Shopping in an online store is like shopping through a paper catalog because both involve the delivery of purchases by mail, and in both cases customers are unable to touch or smell the items (Spiller & Lohse, 1997). Consumers’ actions are mainly based on the presence of cyberspace, such as images, image quality data and consumer video clips, not the tactile experience (Kolesar & Glbraith, 2000). The qualities of data introduction, routing, and request satisfaction in an intuitive shopping medium are viewed as a progressively significant factor in building electronic business trust than in the customary retailing (Reynolds, 2000). Giao (2020) identified four factors that influence positively customer satisfaction regarding the quality of online services in E-commerce platform in the order of descending strength: trust, customer service, web design and safety.

Along with the convenience of exchanging and trading there are potential risks. Nevertheless, the growing body of literature focused on the study of Internet marketing trends and digital consumer behavior (McGaughey & Mason, 1998; Novak et al., 2000) has largely ignored perceptions of risk to online purchasing. Despite their consequences for e-commerce, the perceived risks associated with online retailing have received limited attention (Miyazaki & Fernandez, 2001). While perceived risk theories have been applied to different contexts of consumer behavior (Mitchell, 1999), recent attention has centered on using perceived risk to describe consumer reluctance to use the Internet for a variety of buying tasks (Pires, Stanton, & Eckford, 2004). Some early research indicates that perceptions of risk may play a minor role in the adoption of online shopping as a primary barrier to the future growth of online trade. Moreover, consumer’s concerns regarding website security and privacy protection influenced their cognitive attitudes towards online shopping (Chen & Barnes, 2007). Other previous research pointed out that the extrinsic factors preventing consumers from shopping online primarily involved transaction security and privacy concerns (Salo & Karjaluoto, 2007). Mitchell (1999) points out that, when making purchasing decisions, customers are more likely to consider perceptions of risk than maximizing perceived benefits.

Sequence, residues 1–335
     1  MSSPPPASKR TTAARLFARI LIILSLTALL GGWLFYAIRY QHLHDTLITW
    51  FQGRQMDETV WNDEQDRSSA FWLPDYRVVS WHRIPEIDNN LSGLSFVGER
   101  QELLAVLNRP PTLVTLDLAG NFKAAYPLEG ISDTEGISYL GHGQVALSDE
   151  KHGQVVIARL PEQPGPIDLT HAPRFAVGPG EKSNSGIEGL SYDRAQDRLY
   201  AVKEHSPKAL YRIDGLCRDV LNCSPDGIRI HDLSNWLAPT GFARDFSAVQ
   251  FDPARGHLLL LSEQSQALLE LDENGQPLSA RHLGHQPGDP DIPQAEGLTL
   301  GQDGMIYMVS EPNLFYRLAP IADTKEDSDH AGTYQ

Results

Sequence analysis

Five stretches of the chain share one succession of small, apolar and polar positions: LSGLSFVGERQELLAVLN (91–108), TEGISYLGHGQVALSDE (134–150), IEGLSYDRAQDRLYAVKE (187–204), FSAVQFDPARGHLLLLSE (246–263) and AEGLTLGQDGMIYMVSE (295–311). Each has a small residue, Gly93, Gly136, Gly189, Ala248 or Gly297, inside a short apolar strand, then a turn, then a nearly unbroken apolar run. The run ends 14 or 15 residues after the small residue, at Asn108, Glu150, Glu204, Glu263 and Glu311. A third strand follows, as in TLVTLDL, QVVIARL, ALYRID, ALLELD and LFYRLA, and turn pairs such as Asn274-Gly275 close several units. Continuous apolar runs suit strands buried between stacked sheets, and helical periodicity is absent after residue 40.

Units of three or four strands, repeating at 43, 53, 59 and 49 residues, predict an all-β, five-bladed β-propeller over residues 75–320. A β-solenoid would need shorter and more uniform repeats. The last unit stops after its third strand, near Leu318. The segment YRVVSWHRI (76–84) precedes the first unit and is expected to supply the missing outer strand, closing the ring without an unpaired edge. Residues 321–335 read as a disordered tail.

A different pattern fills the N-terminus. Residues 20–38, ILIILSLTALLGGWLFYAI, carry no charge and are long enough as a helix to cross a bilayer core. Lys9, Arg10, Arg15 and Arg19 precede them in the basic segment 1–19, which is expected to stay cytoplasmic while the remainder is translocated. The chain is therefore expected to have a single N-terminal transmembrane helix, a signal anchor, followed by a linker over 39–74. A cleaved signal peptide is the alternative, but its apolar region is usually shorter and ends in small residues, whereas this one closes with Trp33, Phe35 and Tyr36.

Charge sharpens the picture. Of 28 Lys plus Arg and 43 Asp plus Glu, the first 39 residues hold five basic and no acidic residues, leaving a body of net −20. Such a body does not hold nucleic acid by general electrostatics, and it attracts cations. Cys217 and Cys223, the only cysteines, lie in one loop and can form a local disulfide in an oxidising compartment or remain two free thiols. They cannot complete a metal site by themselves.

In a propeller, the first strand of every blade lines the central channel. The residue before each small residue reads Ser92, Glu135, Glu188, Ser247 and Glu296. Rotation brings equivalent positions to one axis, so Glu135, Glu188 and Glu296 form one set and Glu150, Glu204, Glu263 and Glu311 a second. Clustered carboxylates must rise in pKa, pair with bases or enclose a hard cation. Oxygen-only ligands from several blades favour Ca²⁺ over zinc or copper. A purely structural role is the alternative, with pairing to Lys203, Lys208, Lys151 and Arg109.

This study analyzes the influence of four types of risks, namely, financial risk, product risk, security risk, and privacy risk on consumers’ satisfaction and as well as the impact of satisfaction on usage intentions. It also enables us to understand the relevance of usability on strategic indicators of the success of companies by analyzing the impact of perceived usability on consumer satisfaction levels and the intention to use a website. Thus, this research adds to the literature by evaluating how hazard reduces the perceived usability impact on consumer satisfaction and the willingness to use a website. The study is organized as follows.s The working theories will be formalized in the following section. Next, validation procedures for data collection and analysis are explained, accompanied by analytical results. Finally, The author discusses the study's key conclusions, organizational consequences, and shortcomings, as well as some future research possibilities.


2. Literature Review


2.1. Product Risk